2007: Google Founds Open Handset Alliance: The "Next Windows" Is Born
Microsoft Corp. cannot be challenged on its home turf since Windows operating system is a de facto industrial standard for personal computers. But Google decided to challenge Microsoft on a completely new ground: smarter mobile devices that are more aware of its owner's location and preferences. But Google decided not to go at war alone. It formed Open Handset Alliance with both cellphone manufacturers, network carriers and others in 2007 to develop Android operating system.
The OHA made the launch of Android operating system possible and the operating system was actually released commercially in 2008. But the history of Android started a lot earlier, sometimes in 2003, when Andy Rubin (co-founder of Danger), Rich Miner (co-founder of Wildfire Communications, Nick Sears (a VP at T-Mobile) and Chris White founded Android, a company set to develop operating system for smart ultra-portable devices with rich multimedia capabilities and always connected to the Internet. After a series of financial struggles, Android was acquired by Google.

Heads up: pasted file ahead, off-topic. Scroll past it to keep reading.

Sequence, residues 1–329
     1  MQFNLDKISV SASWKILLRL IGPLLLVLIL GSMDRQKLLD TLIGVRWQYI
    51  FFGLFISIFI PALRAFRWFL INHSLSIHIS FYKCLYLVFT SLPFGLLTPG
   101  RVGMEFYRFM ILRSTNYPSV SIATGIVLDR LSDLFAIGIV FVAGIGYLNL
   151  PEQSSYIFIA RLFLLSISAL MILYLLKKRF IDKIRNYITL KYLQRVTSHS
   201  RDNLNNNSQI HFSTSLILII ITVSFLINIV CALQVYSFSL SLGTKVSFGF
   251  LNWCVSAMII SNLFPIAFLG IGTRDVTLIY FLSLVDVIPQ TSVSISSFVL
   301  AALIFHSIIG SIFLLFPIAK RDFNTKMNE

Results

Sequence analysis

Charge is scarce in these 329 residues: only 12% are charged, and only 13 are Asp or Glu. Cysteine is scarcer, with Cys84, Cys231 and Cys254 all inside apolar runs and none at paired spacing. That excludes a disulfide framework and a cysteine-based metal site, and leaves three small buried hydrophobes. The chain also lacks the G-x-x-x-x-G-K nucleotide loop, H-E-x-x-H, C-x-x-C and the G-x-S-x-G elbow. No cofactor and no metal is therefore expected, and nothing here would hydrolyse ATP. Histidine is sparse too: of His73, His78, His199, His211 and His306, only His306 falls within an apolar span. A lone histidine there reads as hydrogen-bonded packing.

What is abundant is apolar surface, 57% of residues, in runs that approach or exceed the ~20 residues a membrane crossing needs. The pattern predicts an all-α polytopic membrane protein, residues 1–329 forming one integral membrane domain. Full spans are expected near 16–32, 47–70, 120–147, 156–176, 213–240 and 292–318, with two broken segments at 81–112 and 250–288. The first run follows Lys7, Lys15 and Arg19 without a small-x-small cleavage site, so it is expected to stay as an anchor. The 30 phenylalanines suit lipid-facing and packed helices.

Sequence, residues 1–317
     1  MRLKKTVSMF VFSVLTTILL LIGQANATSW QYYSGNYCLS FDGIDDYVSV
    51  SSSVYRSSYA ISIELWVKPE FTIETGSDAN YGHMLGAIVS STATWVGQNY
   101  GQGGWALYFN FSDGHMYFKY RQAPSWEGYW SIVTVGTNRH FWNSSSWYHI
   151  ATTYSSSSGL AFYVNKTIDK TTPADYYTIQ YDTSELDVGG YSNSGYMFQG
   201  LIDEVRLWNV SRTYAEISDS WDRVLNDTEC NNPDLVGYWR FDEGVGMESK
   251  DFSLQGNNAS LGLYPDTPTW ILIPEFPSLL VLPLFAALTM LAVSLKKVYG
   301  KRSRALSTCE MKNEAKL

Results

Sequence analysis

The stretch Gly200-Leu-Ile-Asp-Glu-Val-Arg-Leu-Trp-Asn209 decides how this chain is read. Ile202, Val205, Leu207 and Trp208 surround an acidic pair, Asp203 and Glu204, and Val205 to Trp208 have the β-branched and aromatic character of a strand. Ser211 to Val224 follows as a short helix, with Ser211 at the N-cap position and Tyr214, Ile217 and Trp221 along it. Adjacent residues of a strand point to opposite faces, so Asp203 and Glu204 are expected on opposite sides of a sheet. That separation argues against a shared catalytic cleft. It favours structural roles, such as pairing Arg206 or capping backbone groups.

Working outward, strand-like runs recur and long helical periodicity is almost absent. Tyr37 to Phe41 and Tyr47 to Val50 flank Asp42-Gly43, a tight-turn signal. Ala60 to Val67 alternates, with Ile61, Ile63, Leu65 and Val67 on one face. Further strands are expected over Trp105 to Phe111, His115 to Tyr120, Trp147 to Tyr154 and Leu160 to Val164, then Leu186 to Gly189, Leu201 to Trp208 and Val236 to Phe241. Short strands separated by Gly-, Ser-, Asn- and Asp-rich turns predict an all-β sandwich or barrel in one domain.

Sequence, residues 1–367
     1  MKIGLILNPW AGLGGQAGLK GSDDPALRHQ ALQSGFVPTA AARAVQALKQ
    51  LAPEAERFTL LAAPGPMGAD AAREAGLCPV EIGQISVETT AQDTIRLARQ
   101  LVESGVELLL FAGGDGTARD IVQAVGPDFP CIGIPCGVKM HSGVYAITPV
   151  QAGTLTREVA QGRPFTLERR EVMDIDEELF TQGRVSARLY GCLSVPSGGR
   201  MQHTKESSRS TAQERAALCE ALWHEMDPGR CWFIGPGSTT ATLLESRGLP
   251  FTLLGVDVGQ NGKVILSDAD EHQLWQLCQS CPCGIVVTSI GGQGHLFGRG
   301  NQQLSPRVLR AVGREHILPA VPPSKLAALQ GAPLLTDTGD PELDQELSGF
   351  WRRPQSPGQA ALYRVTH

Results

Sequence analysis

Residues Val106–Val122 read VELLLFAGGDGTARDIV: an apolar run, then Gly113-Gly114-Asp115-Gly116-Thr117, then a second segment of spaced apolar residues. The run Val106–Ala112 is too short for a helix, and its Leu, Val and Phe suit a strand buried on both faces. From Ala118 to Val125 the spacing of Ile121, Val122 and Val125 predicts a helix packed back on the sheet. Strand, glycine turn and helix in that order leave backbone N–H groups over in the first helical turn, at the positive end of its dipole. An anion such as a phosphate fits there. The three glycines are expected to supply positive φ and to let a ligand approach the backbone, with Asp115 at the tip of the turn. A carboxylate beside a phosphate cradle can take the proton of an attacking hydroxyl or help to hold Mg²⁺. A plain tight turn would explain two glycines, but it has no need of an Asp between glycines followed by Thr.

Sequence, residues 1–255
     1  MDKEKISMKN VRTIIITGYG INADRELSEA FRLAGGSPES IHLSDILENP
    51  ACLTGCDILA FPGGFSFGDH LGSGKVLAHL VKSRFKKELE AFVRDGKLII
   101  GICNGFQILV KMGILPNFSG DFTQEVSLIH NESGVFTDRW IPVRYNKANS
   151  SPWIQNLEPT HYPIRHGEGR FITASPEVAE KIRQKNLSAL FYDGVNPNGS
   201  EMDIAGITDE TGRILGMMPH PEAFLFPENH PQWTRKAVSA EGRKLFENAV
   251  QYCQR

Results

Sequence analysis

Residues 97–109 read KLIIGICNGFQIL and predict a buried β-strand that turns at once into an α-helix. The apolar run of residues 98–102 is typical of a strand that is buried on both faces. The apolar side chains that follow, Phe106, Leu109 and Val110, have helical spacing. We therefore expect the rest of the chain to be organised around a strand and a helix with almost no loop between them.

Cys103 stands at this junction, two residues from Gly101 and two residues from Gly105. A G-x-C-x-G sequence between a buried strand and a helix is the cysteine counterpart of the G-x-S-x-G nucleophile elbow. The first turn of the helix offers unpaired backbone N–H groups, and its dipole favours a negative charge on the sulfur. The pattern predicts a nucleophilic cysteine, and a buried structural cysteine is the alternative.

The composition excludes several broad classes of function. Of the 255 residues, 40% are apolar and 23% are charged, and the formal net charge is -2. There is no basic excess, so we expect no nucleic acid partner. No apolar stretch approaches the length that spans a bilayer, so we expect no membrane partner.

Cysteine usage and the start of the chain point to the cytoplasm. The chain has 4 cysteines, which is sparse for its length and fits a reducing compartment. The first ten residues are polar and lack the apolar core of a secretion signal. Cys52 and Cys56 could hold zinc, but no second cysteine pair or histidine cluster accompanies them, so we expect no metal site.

But while Google was already a strong player on the market, it clearly understood that without backing from smartphone manufacturers, operators, semiconductor companies and software developers the Android will never become really popular. The Open Handset Alliance united all of those parties and let everyone have influence onto the operating system while not dictating anyone what exactly to do.
As a result, there are hundreds of different Android-based smartphones and tablets from tens of manufacturers across the world. While it is true that there is a great segmentation on the Android market, while Apple iOS and Microsoft Windows Phone everything is stable, there is also something for everyone. Not surprising that Android is now the most popular operating system for smartphones and second most popular operating system for media tablets.
Today, over 700 thousand of Google Android-based devices are activated daily. For comparison, about a million of Microsoft Windows-powered PCs are purchased every day across the world. Therefore, Google has every right to call Android the next Windows, which it actually is.